Craig Whelihan's winning streak has ended at two--hope the Denver Broncos are proud of themselves.
If this is a team aspiring to make the argument it is the greatest in NFL history, after Sunday night's bungling, stumbling performance against Craig Who and his band of World League companions, the Broncos should forget it.
Quarterback John Elway opened the game for the Broncos fumbling the snap from center. Come on, act as if you've played the game before.
The Chargers recovered the ball, and Whelihan promptly threw the ball to John Burke. Team officials said Burke has a family, suggesting someone out there knew who he was.
Stop when you recognize one of the names of those playing for the Chargers: Jimmy Spencer, Kenny Bynum, Kendyl Jacox, Charlie Jones. No, you were thinking of the former NBC broadcaster--no relation. Frank Hartley, Jon Haskins.
And the Broncos acted as if they were playing the 1985 Chicago Bears. By the time the first half ended, Elway had three touchdown passes but also had three interceptions against a secondary missing three starters and one that would have had a hard time shutting down the San Diego State Aztecs.
If Bynum--he's a running back who played for South Carolina State and once rushed for 189 yards against Hampton--hadn't fumbled at the Denver five-yard line, the Chargers might have moved ahead of the Broncos 17-14 in the second quarter.
If Whelihan-- who played collegiately at Pacific and once threw for two touchdowns against Northern Illinois--had run the ball instead of throwing it to Denver linebacker John Mobley at the San Diego 19 with 1:05 left in the first half, setting up a quick Bronco score, the Chargers might have trailed only 14-10 at intermission.
"Did you see every game the [undefeated 1972] Dolphins played?" Denver owner Pat Bowlen said. "If at the end of the year we're 19-0, there's no reason you wouldn't consider this team one of the better teams in history, if not the greatest. You can't take a game like we played tonight and hold that up as evidence that they're not.
"All great teams have bad games, but they find a way to win."
Or, they play the Chargers (5-7).
"Against a better team it might have been a different story," admitted Denver linebacker Bill Romanowski.
But fortunately it was the Chargers, who offer Bryan Stiff, ah Still--common mistake--Charlie Jones and Mikhael Ricks as their triple threat at wide receiver. No giggling, please.
Still caught a 47-yard touchdown pass against what eventually might be called the best team in NFL history. Running back Terrell Fletcher, ordinarily used only on third downs, subbed for injured Natrone Means and sidestepped the Bronco defense for a 13-yard touchdown.
What happens when they play the Minnesota Vikings?
The Broncos needed an ex-Charger to save the day, defensive back Darrien Gordon, who had two of Denver's five interceptions and a fumble recovery.
"We knew we were going to be in for a dogfight," Denver Coach Mike Shanahan said.
Who's he kidding?
"Whelihan's an excellent quarterback . . . don't count him out of it," Shanahan said.
Now you know he was joking.
The only reason Whelihan--who was 0-7 as a Charger starter last season--is playing is because Ryan Leaf can't play. The Chargers gave Leaf a $11.25 million signing bonus to play against Denver and everyone else, but he was a bust. The Charger scoreboard announced that one lucky fan had won a Ryan Leaf jersey, and some of the hometown fans booed.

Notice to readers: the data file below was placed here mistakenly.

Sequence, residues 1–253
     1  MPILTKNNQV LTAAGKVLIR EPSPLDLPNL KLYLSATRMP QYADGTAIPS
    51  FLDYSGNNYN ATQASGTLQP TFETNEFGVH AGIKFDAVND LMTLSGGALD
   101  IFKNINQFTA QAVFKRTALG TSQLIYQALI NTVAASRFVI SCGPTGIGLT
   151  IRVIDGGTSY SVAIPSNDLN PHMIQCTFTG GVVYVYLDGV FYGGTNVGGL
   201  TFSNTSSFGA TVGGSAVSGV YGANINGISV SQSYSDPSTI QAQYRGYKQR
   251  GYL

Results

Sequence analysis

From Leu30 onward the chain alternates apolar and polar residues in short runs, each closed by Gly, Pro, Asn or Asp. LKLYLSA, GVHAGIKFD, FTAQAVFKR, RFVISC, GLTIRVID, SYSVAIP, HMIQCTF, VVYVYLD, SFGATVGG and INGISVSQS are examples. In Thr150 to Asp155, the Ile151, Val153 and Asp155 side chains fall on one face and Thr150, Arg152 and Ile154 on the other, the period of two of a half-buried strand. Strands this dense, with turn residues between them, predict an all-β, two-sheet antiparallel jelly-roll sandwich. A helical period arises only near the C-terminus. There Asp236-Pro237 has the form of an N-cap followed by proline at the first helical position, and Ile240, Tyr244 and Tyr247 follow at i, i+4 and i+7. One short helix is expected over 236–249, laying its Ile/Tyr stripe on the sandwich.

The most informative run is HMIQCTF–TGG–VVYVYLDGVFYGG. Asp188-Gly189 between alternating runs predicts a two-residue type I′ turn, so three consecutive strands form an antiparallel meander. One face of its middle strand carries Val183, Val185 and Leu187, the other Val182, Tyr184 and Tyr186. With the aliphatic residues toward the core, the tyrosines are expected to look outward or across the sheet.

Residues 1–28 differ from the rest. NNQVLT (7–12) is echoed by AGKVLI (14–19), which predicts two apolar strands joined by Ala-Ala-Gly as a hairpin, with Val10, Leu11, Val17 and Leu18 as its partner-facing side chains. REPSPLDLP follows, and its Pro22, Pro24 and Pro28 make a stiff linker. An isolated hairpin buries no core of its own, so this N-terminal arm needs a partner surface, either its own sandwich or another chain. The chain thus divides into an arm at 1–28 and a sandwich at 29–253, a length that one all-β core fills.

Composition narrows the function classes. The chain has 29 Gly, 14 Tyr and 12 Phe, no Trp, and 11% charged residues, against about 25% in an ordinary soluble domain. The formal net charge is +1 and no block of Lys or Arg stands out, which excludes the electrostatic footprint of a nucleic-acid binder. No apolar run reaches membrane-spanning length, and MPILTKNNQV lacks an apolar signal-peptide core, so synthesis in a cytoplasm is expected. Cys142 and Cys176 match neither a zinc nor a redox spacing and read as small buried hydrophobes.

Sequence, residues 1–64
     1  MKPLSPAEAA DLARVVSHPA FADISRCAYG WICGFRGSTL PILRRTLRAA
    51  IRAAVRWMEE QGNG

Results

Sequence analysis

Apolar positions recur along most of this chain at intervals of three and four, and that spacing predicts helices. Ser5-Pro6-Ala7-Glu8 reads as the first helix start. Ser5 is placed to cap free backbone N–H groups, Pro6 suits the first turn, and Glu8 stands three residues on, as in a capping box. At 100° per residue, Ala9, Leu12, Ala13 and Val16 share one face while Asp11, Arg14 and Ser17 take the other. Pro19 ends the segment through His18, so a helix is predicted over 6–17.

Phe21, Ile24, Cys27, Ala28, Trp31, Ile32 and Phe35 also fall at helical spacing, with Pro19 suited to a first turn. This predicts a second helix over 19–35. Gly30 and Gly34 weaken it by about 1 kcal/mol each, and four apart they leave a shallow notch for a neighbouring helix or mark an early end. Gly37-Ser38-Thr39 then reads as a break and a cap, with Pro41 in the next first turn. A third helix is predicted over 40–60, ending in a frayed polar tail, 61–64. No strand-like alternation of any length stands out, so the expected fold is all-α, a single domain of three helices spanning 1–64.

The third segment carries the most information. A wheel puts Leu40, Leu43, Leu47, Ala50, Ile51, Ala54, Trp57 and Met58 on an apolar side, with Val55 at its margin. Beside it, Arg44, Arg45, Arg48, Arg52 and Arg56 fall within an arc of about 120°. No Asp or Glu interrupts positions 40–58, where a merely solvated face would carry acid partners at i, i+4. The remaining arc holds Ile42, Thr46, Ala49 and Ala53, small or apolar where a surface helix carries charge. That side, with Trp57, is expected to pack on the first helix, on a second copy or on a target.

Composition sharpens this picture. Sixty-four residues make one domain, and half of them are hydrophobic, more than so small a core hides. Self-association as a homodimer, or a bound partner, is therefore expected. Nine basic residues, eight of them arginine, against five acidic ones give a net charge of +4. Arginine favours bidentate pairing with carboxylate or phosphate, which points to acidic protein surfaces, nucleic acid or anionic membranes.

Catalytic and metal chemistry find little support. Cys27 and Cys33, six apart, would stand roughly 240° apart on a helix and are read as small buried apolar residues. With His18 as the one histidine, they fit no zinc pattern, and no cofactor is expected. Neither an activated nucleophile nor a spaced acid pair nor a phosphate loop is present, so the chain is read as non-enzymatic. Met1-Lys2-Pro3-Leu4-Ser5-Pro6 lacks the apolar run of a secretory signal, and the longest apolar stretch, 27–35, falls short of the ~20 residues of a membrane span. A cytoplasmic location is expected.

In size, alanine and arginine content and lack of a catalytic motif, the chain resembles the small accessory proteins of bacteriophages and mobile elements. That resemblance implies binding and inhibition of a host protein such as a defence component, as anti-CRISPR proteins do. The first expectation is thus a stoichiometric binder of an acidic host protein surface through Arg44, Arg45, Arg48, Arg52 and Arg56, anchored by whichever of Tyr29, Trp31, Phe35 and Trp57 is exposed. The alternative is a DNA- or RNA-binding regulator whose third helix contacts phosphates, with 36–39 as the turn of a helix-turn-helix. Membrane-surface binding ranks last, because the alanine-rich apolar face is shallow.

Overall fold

After throwing any chance of upsetting the Broncos away with his third interception, and then his fourth, there was no cry from the fans to replace Whelihan with Leaf. Amazing.
"If there was ever a game where Denver might have lost. . . . " said Charger General Manager Bobby Beathard, who was personnel director of the 1972 17-0 Dolphins. "We had our chances in the first half, but the great teams find a way to win."
The Chargers outgained the Broncos (367-322), fared better on third down and on defense, limiting Denver running back Terrell Davis to 74 yards in 24 carries..
"We just kind of beat ourselves," San Diego Coach June Jones said.
The Chargers turned the ball over six times to maybe the best team in football history, and lost by 15 points--or two Whelihan touchdown tosses to Ricks, an extra point and a two-point Bynum run.
"I think they are beatable," Whelihan said. "You saw yourself that Elway threw three picks. We just didn't take advantage."
Elway--who lined up behind guard Tom Glassic thinking he was the center on his initial visit to this stadium 16 years ago--had three passes intercepted in the first half for the first time since 1992. But Elway, who ran off this field last January with the Lombardi Trophy in his hands after winning the Super Bowl, bounced back to finish with four touchdown passes.
"For me to throw three interceptions, fumble and still be up 21-10 at the half, well, that's something," said Elway, who moved past Johnny Unitas and Warren Moon into third place on the NFL all-time list for touchdown passes (294). "Things are not always going to go smooth for us, and we know that. So we're ready for a battle every time we go out there, and if we make a mistake, we're able to move on."
* RETURN TO SENDER: Baltimore's current team beat its predecessor, rallying for a 38-31 win over Indianapolis. Page 4
* SPECIAL DELIVERY: Drew Bledsoe throws winning touchdown pass with no time left in win over Buffalo. Page 6
* Kansas City 34, Arizona 24
* Atlanta 21, St. Louis 10
* New York Jets 48, Carolina 21
* Jacksonville 34, Cincinnati 17
* Tampa Bay 31, Chicago 17
* Seattle 20, Tennessee 18
* Miami 30, New Orleans 10
* Green Bay 24, Philadelphia 16
* Washington 29, Oakland 19
* Denver 31, San Diego 16
* SPOTLIGHTPage 4